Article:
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Don't wait five years to catch this musical

It's far from the first time that the Kennedy family name has been associated with encouraging developments in the performing arts. Years after giving the North Carolina Theatre--and then Broadway--their talented daughter Lauren, K.D. and Sara Lynn Kennedy put their support behind the black box theater in downtown Raleigh's BTI Center. This was the summer they decided to fill it, with an audacious new theater festival called "Hot Summer Nights at the Kennedy." Out of nowhere it came (except the imagination and ambition of its founders, that is): six productions, sixty performances between June 1 and August 28, with a mixture of local and union talent, in works ranging from an edgy new musical to a Tennessee Williams classic.

It would have been hard to pick a lovelier way to go broke in the performing arts--that is, if the public didn't support it or the work didn't merit that support. Our first report from the field: They do and it does. For after the swells supped on fruit, cheese and fine wine (a bit too much in some cases, judging by the juiced-up yowls of isolated audience members Friday night), we all sat down to satisfying theatrical meal: The Last Five Years, a musical by Jason Robert Brown.

Though none of the Kennedy clan appears on stage, the family touch is far from absent from this opening bid: Lauren Kennedy starred in its world premiere in Chicago in 2001, opposite Norbert Leo Butz (who took the Tony last Sunday night for Best Actor in a Musical, in Dirty Rotten Scoundrels).

However it got here, I'm glad it did. Though strictly speaking it's a relatively lean offering--a two-person "chamber musical"--there's considerable wit and sophistication at work in Brown's score and libretto, and an overall freshness which places it at the forefront of the newer pieces the region has seen this year.

How edgy is Brown's musical about a five-year relationship told from different, moving vantage points in time? Edgy enough that the composer evidently had to ditch one song in toto and change the wording in others between Chicago and it's New York opening, after his ex-wife threatened to sue over plot and lyric points that referred just a bit too closely to their former marriage.

The Last Five Years has both partners relate their differing perceptions about the same relationship over the titled period of time. But his quantum-physics plot device has Catherine, a struggling actor, experience the relationship in reverse chronological order, while husband Jamie, a suddenly successful writer, sings the stations of their courtship and marriage as they occur. At the show's beginning Catherine's "Still Hurting" concludes the relationship, just as Jamie's amusing "Shiksa Goddess" details his first fascination.

With these two end points defined, The Last Five Years subsequently becomes something of a puzzle piece under Kenny Gannon's direction, as the audience attempts to figure out what is going to cause/has already caused this relationship to fail. Though cynics hold that one can always see the end in a relationship's beginnings, this time out the challenge points remain reasonably opaque until late in the work.

We hop, skip and jump from furthest points in time to the one telling scene in which both characters occupy the same moment. Disastrous auditions and other theatrical in-jokes are memorably sent up in Catherine's "A Summer in Ohio" and "When You Come Home to Me." Other, sharper home truths are revealed, if not eviscerated, in "Climbing Uphill" and "A Part of That."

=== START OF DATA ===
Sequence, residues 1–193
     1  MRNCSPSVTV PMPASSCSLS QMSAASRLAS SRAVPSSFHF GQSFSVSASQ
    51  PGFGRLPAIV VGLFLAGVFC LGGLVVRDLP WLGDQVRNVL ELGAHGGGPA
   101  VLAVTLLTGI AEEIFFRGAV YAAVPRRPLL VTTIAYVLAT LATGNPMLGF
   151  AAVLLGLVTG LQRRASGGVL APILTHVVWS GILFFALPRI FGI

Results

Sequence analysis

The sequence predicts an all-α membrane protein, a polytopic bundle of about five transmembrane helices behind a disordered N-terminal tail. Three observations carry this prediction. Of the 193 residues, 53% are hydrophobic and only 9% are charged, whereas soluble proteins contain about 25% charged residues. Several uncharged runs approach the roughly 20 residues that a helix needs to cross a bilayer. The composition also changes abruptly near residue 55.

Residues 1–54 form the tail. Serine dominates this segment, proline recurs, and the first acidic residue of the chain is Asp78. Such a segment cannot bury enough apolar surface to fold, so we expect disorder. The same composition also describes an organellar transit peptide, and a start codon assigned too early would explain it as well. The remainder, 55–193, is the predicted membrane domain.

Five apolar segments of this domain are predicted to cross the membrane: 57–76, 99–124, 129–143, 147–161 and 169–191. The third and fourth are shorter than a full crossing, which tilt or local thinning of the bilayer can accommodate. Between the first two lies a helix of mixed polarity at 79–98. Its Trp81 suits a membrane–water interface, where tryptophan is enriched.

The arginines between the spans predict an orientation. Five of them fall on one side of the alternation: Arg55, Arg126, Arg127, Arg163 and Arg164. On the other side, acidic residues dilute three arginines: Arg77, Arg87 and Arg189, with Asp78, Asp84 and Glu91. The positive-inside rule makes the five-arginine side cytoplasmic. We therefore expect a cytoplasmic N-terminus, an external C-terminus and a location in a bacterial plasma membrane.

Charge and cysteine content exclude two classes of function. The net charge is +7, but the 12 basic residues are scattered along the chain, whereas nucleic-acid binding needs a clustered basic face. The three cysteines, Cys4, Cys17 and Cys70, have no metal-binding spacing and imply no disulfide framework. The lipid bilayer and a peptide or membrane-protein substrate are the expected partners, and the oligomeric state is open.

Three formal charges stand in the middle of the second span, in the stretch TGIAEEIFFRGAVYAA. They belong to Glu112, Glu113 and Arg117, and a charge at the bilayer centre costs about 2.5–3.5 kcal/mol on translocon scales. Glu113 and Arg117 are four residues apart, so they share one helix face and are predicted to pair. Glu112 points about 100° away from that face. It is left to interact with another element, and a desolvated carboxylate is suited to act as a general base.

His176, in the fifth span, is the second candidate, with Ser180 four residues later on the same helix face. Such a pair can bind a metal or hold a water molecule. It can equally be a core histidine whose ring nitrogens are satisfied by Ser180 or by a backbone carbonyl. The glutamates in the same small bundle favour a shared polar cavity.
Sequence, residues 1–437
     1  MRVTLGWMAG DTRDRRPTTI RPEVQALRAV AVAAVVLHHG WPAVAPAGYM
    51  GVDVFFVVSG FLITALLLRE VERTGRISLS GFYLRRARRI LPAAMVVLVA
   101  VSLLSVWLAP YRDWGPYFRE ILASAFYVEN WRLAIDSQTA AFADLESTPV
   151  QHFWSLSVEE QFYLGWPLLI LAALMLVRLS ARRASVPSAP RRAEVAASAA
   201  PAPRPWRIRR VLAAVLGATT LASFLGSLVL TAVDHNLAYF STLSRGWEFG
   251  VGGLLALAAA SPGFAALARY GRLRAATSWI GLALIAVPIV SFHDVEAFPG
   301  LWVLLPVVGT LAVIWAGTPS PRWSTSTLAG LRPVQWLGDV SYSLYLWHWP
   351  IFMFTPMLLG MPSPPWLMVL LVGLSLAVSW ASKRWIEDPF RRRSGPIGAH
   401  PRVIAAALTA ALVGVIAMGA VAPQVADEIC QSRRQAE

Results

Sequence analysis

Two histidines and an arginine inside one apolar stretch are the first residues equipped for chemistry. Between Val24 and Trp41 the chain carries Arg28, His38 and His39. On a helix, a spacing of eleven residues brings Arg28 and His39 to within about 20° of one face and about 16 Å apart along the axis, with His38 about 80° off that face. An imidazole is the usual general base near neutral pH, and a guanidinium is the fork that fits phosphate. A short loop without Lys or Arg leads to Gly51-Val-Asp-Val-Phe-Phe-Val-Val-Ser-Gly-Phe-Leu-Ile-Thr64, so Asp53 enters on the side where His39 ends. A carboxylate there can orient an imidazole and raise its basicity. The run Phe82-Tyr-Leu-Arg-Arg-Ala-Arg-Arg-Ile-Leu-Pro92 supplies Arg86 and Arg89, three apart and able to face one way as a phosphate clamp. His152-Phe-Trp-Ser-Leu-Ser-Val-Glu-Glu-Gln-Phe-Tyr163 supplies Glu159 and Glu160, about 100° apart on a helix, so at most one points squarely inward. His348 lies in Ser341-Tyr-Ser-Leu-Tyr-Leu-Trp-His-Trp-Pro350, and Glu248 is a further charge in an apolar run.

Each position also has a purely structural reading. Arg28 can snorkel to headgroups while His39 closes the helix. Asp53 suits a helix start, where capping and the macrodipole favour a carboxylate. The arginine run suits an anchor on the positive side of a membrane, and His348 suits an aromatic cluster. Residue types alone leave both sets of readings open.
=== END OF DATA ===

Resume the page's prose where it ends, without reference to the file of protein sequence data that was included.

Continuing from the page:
But particularly given Five Years' troubled, autobiographical provenance, the final balance of character flaws here remains suspect to some degree. Whatever Jamie's pecadillos, Brown's time transposition unsubtly renders Catherine a woman who is quite literally regressing, living ever further in the past. Though Jamie's final song concludes "I Could Never Rescue You," we don't see Catherine before as a woman who is particularly in need of rescue. Brown's episodic stepping stones, placed this far apart, don't truly connect in places or justify the final verdict.

Nicholas Rodriguez and Kate Shindle's work in the twin leads is gratifying, for the most part, although Rodriguez' arena-sized gestures and belting at points needs to be pulled in so as not to punch a wall out of the back of Kennedy Theater. Though Randolyn Emerson's violin was rawer than useful on occasion on Friday night, Julie Flinchum's six-person orchestra tackled a challenging score with nuance and considerable poise.

Designer Sonya Drum ignores the age-old advice against putting a working clock anywhere on stage by incorporating no less than four different timepieces in her tasteful, telling backdrop. All of them are set to different hours. At least two of them run backwards while the play continues.

So what time is it ever in a relationship? One partner's reckoning? The other's? A separate time they constitute together, or something altogether different? As usual, Drum's visual allegory provides appropriate counterpoint to the activity on stage.

The overall result? An intriguing and fundamentally successful bid to redefine, on small scale, the level of professionalism in regionally-based theater, and a good close look at what the next level in performance looks like in terms of script selection, design and above all, execution. Those interested in the present (and possible future) of musical theater really ought to see The Last Five Years before it closes Sunday afternoon.

E-mail Byron Woods at byron@indyweek.com.

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